“ What," says Stowe, “what should I speak of the fat and sweet salmons daily taken in this stream, and that in such plenty (after the time of smelt is past) as no river in Europe is able to exceed it? But what store also of barbels, trouts, chevins, perches, smelts, breams, roches, daces, gudgeons, flounders, shrimps, eels, &c. are commonly to be had therein, I refer me to them that know by experience better than I, by reason of their daily trade of fishing in the same. And albeit, it seemeth from time to time to be as it were defrauded in sundry wise of these her large commodities, by the unsatiable avarice of fishermen, yet this famous river complaineth commonly of no want; but the more it loseth at one time the more it gaineth at another.

Oh ! that this worthy river might be spared but one year from nets, &c. ; but, alas ! then should many a poor man be undone.” † So, also, Burton, in his “ Historical Remarks of London,” winds up his eulogistic description with the following amusing anecdote :

“ To conclude, this famous river Thames, taking all her advantages together, surpasseth all others that pay tribute to the ocean, if we consider the straightness of its course, the stillness of its streams, considering its breadth, as also its length, running above nine score miles before it comes into the sea ; and the conveniency of its situation,

being towards the middle of England: it hath likewise one peculiar property more, - that the entrance into this river is safe and easy to Englishmen and natives, but difficult and hazardous to strangers, either to go in and out, without a pilot ; insomuch, that on the whole the Thames may be said to be London's best friend, as may appear by a passage in the reign of King James, who being displeased with the City because they would not lend him a sum of money which he required, and the lord mayor and aldermen attending him one day being somewhat transported with anger, the king said he would move his own court, with all the records of the Tower and the Courts of Westminster Hall to another place, with further expressions of his indignation. The lord mayor calmly heard all, and at last answered, — Your Majesty hath power to do what you please, and your City of London will obey accordingly; but • Stow's Survey. Edit. Strype. Fol. vol. i. p. 24. et seq.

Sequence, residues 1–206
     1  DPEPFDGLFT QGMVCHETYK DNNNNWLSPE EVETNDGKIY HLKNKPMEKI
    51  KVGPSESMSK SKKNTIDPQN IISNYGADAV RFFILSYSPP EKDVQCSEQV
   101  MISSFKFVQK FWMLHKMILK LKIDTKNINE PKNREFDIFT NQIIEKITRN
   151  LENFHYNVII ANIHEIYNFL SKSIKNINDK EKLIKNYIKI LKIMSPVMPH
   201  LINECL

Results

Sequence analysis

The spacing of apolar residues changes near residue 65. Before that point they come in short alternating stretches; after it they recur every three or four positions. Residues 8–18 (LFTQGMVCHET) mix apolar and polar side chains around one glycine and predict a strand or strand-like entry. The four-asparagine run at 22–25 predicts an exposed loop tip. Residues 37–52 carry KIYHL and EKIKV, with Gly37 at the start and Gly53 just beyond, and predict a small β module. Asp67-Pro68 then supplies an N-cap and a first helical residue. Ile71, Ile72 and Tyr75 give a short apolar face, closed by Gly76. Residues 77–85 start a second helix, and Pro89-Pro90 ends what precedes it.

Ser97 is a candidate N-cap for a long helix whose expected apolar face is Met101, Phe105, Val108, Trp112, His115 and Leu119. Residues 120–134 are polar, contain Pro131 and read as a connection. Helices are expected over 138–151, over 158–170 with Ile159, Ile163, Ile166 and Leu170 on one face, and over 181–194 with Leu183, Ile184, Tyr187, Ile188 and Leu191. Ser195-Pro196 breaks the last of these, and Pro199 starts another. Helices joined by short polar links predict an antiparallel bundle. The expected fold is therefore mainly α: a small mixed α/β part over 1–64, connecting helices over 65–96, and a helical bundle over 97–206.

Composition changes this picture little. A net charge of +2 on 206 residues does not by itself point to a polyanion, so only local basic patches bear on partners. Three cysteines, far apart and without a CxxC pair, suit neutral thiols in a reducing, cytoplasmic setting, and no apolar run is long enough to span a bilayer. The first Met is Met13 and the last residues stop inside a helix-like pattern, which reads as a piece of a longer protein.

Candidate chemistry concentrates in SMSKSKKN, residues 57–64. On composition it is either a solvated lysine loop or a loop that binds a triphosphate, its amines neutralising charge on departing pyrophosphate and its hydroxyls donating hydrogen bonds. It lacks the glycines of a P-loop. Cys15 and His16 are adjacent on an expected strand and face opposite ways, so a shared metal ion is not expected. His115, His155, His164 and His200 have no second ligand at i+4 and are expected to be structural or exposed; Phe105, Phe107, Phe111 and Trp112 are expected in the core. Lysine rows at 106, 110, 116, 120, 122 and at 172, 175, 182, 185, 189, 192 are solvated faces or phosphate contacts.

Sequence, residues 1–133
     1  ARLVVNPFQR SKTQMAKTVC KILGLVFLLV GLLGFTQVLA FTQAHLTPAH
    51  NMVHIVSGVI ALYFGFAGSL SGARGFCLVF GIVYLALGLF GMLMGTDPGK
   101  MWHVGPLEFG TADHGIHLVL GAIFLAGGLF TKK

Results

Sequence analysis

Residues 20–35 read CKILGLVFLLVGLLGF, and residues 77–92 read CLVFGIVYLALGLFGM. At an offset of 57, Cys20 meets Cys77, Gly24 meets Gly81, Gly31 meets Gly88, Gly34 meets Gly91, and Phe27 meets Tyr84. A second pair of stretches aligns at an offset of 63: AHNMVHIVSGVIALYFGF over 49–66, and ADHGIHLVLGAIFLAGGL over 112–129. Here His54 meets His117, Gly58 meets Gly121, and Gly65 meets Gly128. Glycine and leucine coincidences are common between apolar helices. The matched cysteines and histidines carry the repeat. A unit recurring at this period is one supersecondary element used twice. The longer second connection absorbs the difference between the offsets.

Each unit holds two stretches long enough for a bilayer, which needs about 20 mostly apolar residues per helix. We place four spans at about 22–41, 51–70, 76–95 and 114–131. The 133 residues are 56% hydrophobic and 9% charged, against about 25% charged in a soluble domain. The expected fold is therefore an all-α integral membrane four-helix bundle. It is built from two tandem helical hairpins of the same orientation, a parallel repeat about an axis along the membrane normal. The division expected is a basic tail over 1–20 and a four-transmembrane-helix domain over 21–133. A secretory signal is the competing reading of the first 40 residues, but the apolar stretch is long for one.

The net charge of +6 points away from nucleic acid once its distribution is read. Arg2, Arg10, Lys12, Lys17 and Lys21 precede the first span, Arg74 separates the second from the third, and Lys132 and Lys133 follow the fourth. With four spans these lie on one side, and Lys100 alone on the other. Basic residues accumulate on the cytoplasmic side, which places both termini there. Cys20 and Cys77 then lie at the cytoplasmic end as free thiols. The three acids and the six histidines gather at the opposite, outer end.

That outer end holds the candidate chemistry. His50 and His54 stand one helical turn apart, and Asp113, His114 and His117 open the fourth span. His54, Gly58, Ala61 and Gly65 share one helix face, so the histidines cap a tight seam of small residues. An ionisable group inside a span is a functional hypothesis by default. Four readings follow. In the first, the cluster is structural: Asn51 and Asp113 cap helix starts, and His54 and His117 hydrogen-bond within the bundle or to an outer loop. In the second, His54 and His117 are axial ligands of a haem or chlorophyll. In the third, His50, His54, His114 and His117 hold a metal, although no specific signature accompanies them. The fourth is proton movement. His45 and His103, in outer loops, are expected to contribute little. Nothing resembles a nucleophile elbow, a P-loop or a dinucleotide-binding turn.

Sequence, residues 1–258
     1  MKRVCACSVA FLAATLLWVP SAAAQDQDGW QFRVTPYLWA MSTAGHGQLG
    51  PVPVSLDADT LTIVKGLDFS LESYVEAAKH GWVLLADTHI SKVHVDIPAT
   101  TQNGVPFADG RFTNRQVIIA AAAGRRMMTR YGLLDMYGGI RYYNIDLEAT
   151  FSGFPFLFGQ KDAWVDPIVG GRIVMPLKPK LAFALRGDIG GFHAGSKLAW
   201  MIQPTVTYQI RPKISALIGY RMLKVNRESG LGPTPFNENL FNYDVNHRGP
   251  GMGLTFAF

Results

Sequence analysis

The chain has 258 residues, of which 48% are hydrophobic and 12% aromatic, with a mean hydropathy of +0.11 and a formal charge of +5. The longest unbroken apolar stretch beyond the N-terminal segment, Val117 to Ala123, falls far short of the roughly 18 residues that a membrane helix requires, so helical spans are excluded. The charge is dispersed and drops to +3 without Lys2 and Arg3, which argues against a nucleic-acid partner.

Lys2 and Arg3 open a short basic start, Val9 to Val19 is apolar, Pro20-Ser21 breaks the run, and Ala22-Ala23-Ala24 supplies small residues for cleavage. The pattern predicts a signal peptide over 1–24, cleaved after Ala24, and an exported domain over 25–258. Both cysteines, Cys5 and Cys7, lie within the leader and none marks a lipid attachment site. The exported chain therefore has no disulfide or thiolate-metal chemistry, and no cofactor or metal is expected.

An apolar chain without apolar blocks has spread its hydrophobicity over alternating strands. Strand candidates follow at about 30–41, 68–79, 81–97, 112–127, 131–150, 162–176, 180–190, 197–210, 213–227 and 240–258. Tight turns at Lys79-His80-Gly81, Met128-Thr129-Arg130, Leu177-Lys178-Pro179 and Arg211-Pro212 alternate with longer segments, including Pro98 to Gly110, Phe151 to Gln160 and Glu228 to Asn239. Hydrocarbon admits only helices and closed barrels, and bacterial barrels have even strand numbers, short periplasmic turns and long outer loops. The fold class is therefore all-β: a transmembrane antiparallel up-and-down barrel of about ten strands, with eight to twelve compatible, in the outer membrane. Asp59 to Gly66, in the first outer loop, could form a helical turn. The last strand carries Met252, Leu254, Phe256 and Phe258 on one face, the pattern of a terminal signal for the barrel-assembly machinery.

† Ibid.

she humbly desires that when your Majesty shall remove your court, you would please to leave the river of Thames behind you!'"*

In 1582, the water thus panegyrised was conveyed into the houses of the City by leaden pipes connected with an artificial forcer or still; and it was observed, that on comparing it with the New River water, this of the Thames 6 did sooner become fine," and was “ever a clearer water." +